Wednesday, July 25, 2012

Plot vs Character: Relatability

One of my primary goals as a writer is to create characters with whom readers can relate. And when I read a story, whether or not I am able to relate to the characters is one thing that will make or break that story for me.

To me, relatability is largely dependent on the reader’s understanding of the motivations behind the character’s actions. I think that as long as we understand why our favorite characters make whatever choices they do, we can forgive them for doing stupid or careless things.

But that motivation must be clear. Absolutely clear. Otherwise, we lose our ability to identify, and readers get frustrated with the characters they are supposed to love, because we don’t understand them.

I recently read such a book. It was a sequel to another book, which I very much enjoyed. Unfortunately, the story had changed so dramatically, and the main character’s motivation seemed to change in every chapter. In the end, I still didn’t understand why the main character had chosen a difficult path that could have been easily avoided with an honest conversation with another trustworthy character. Because of this, I became frustrated. I felt as if the author had forced the main character to make this decision just to make the climax more dramatic, when unfortunately, it had the opposite effect.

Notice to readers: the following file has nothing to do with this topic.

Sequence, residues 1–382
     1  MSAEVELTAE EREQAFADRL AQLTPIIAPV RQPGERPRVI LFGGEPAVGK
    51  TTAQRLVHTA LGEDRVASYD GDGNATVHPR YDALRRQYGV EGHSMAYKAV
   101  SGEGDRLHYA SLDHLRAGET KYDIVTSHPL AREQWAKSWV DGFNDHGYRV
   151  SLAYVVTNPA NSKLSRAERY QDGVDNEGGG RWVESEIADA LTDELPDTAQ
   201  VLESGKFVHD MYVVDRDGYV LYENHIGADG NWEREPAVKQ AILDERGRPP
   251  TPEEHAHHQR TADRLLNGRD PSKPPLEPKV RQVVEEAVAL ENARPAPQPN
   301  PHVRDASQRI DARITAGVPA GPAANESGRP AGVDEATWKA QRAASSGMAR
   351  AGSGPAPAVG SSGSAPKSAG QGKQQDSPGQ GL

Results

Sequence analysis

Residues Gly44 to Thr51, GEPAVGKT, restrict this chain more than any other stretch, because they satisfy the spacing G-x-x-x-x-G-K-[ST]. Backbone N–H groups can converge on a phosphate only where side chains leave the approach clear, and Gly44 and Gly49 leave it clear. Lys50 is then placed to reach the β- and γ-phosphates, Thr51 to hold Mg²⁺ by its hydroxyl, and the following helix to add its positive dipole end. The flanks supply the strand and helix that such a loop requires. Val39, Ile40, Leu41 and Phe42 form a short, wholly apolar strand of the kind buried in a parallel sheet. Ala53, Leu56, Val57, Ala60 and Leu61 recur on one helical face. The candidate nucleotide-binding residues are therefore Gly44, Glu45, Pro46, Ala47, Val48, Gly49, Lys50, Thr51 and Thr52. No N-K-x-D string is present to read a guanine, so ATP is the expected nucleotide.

The good news is that there were some great scenes, some relatable, sob-worthy scenes, that made me care enough about the characters to want to see what happened at the end. The bad news is that I’m not sure I’ll be willing to see them through another book.

So here is my question for this week:

What is one important story element that makes or breaks a story for you?

(PS Please don’t ask about the book mentioned above—that’s not the point, and I’m not telling.)


LM Preston said...

Weaving the two together is definately a talent. Great post.

Randy said...

Villains are one of the deal breakers for me. If you look at any great story there is a memorable villain blocking the hero's path.